A President’s first 100 days are an arbitrary benchmark. Journalists and other commentators in the traditional media, comments in social media and standard polling entities use them as a point of measurement to draw comparisons between the current officeholder and Franklin D. Roosevelt (FDR), the last chief executive whose first three months were truly momentous. FDR passed 15 major pieces of legislation in his first 100 days and his New Deal Laws lasted for generations.
A Conventional Benchmark
The 100-day trope has also been taken seriously by Presidents including both Donald Trump and Joe Biden. The assessments of Biden’s 100 days are generally favourable, more so than four of the last Presidents. The most pervasive reasons for this relative success are that he ‘under promised and over delivered’ and his communications with stakeholders were for the most part substantiated by empirical information, ‘truthful’ and credible. His rollout numbers of the vaccine for example, originally promised at 100, 000 for the first 100 days and revised to 200,000 have been exceeded.
Stark contrast in Style and Substance
Several commentators have referred to Biden’s attempt at the restoration of the New Deal-style of FDR. But in essence, only one piece of legislation has been passed within his 100-days and his promises are circumscribed by four overlapping compounding crises —the pandemic, the economy, climate change and race relations. Biden’s relief bill at $2.9Trillion passed without a single Republican vote, is an enormous achievement. According to Elaine Kamarck, a Brookings Institution scholar of the presidency, “these have been emergency measures, justified by the pandemic.” Her view is that a better comparison with the FDR ‘s success can be made on the basis of the fate and durability of Biden’s proposed infrastructure bill, the family tax credit that promises to cut child poverty in half and a $15 minimum wage. The President's returning the US to the Paris Agreement in January 2021, enhances the hitherto waning standing of the country among major allies and will be the subject of a separate blog. Biden’s 54% approval rating after 100 days stands in stark contrast to Trump’s whose ratings never broke the 50% barrier throughout his Presidency.
During his 2016 presidential campaign, Trump promised that in his first 100 days he would repeal Obamacare, build a wall on the border with Mexico and persuade Congress to pass term limits. None of those things happened, but he did out do former holders of the office in one regard: “producing unshirted chaos". Among them, the imposed bans on immigrants and travelers from Muslim countries that were quickly reversed by federal courts; his stripping federal funding from sanctuary cities, also quickly challenged; and his national security advisor resigned amid a scandal over secret contacts with Russian officials. Even Trump himself disavowed his own self-proclaimed three-month deadlines while at the same time insisting, “I have done more than any other president in the first 100 days"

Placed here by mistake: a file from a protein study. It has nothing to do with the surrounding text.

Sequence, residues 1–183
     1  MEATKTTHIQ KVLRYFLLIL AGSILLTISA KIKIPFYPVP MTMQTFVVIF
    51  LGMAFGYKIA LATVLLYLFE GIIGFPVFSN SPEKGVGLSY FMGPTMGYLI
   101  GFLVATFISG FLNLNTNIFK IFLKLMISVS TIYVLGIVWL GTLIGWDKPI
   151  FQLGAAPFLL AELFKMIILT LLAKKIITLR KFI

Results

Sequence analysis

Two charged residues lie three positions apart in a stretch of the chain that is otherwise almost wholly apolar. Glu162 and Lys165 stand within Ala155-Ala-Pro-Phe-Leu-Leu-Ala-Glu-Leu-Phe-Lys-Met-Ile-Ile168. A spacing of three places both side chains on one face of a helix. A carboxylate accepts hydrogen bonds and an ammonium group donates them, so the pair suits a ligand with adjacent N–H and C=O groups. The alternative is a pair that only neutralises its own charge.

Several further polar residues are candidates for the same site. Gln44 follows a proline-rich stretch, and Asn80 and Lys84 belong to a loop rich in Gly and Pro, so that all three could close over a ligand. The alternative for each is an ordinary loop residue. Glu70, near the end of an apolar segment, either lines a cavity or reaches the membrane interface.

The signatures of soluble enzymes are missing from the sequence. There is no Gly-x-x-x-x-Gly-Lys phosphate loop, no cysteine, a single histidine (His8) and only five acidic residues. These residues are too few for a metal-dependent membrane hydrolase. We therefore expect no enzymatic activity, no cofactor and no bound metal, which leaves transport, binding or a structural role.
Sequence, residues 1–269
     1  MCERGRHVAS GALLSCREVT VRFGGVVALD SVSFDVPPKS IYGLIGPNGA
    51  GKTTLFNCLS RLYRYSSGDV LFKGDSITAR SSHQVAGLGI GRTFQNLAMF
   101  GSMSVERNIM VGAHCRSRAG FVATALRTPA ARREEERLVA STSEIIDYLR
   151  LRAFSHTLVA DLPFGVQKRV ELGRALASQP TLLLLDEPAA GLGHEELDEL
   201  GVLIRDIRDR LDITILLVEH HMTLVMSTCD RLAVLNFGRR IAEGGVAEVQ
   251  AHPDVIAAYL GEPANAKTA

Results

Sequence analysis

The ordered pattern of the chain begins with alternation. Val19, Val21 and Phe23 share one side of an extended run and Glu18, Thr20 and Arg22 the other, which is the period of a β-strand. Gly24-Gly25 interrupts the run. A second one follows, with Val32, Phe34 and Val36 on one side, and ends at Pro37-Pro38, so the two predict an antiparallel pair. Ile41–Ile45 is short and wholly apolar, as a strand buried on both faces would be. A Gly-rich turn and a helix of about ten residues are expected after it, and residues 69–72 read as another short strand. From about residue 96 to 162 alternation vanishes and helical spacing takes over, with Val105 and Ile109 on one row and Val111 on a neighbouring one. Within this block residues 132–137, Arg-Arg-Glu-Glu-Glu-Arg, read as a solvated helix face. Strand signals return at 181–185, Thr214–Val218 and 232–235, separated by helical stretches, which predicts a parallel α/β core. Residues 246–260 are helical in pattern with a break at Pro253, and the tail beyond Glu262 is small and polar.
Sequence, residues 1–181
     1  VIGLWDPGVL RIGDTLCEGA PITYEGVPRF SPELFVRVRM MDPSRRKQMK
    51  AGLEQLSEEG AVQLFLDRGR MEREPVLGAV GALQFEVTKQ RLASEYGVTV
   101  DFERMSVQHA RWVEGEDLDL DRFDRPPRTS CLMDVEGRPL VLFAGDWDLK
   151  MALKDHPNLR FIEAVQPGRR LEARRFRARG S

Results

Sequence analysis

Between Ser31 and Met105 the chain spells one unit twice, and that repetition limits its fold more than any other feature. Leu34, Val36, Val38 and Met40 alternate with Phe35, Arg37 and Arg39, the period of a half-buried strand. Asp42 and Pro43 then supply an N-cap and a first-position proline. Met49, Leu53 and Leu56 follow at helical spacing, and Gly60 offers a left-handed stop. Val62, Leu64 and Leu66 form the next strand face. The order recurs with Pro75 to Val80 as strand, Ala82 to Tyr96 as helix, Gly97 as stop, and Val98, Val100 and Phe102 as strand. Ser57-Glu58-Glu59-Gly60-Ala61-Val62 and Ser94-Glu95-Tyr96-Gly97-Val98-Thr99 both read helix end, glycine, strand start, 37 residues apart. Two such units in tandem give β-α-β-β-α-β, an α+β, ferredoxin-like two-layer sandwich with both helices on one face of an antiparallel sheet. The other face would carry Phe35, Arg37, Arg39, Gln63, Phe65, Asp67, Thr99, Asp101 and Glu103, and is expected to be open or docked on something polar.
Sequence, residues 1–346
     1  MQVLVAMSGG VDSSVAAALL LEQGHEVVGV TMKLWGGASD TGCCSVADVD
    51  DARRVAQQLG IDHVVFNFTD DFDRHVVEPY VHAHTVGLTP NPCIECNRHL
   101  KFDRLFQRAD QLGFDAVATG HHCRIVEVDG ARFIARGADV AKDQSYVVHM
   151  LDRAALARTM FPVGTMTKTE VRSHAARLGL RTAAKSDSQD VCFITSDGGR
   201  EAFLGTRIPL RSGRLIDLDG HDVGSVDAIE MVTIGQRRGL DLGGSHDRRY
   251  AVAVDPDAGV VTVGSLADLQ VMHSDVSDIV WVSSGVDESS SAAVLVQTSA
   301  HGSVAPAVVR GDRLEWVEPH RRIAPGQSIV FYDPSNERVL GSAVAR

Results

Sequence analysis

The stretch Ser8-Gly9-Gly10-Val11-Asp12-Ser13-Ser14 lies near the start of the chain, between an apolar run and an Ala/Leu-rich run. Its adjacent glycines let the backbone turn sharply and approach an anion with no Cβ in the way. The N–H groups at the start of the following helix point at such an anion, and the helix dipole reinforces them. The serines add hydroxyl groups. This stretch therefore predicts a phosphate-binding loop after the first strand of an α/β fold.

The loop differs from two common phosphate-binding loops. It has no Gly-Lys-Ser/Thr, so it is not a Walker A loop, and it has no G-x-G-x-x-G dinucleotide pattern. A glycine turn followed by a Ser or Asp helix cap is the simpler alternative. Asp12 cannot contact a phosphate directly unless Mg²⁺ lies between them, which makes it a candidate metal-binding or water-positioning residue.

Polarization and Partisanship
Despite his high ratings on personal qualities and honesty the polls show that President Biden has made no new friends or new enemies. They reveal the greatest gap ever with his disapproval ratings at 6 % by Democrats and 80 percent by Republicans and approval ratings 86% democrats and 10 percent by Republicans.
The polls also show that Americans under the age of 36 years would not have experienced a landslide government majority. FDR's Democrats in 1932 received an average of 18% increase in each of the House of Representatives, Senate and Governorships. Linden Bain Johnson’s Democrats in 1968 achieved a 23% increase in the House and a 2:1 control of the Senate.
Ronald Regan campaigned on a platform of ‘Government as a problem’ and secured a biggest landslide victory in American history in 1984 winning 49 of the 50 states. His message has pervaded the electoral campaigns and the political mantra of Republican leadership ever since. Biden on the other hand, empowered by the exigencies of the pandemic has promoted the default setting, “government as the solution.” Lacking the majorities of FDR, LBJ and Ronald Regan, the question remains whether the multi legislative victories required by Biden to advance his agenda, can be achieved. However that he is the first President with so much governmental experience and given his current favorable ratings, the possibilities hang in the balance. They depend on how he is able to use the reconciliation process rather than the destabilization process that characterized the Trump era illustrated by the slow pace of staffing executive positions and the national disruption caused by a government shutdown within his 100 Days.
Shadows of Success Looming
President Biden chances of successful implementation are enhanced as he seems to operate from the playbook of William Galston, a former Clinton advisor, whose Anti-Pluralism: The Populist Threat to Liberal Democracy Anti-Pluralism shows the populist backlash that sustained Trumpism can be eroded by inclusive economic growth and frank discussion of pressing social and cultural issues. He also advocates for the survival of liberal democracy, despite its permanent tensions so long as citizens fight for it . That fight must be embedded in the aspirational goal of equity and the struggle to overturn systemic racism. The link, demonstrated by the pursuit of racial equity in the Kennedy era had a disastrous 100 days, upended by the ill-conceived Bay of Pigs (Cuba) debacle. But he managed to initiate a process that broke the Southern control of the rules committee on which LBJ with majority support both in the House and Senate could capitalize to pass radical civil rights legislation.